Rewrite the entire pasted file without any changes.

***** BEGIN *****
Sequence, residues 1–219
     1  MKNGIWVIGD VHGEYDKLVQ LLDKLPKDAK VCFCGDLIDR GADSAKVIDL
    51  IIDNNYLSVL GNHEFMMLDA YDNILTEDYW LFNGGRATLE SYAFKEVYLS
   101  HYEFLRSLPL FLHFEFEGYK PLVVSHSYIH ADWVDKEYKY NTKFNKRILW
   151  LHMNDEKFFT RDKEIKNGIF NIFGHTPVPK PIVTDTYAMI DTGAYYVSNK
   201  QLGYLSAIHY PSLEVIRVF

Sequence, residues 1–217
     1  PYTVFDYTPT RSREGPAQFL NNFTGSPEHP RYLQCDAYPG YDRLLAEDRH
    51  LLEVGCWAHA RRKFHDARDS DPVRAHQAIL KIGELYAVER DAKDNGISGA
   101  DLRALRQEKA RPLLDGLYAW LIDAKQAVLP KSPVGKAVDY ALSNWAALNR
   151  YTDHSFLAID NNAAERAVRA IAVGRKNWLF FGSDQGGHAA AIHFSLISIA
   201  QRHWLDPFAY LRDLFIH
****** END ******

Sequence, residues 1–219
     1  MKNGIWVIGD VHGEYDKLVQ LLDKLPKDAK VCFCGDLIDR GADSAKVIDL
    51  IIDNNYLSVL GNHEFMMLDA YDNILTEDYW LFNGGRATLE SYAFKEVYLS
   101  HYEFLRSLPL FLHFEFEGYK PLVVSHSYIH ADWVDKEYKY NTKFNKRILW
   151  LHMNDEKFFT RDKEIKNGIF NIFGHTPVPK PIVTDTYAMI DTGAYYVSNK
   201  QLGYLSAIHY PSLEVIRVF

Sequence, residues 1–217
     1  PYTVFDYTPT RSREGPAQFL NNFTGSPEHP RYLQCDAYPG YDRLLAEDRH
    51  LLEVGCWAHA RRKFHDARDS DPVRAHQAIL KIGELYAVER DAKDNGISGA
   101  DLRALRQEKA RPLLDGLYAW LIDAKQAVLP KSPVGKAVDY ALSNWAALNR
   151  YTDHSFLAID NNAAERAVRA IAVGRKNWLF FGSDQGGHAA AIHFSLISIA
   201  QRHWLDPFAY LRDLFIH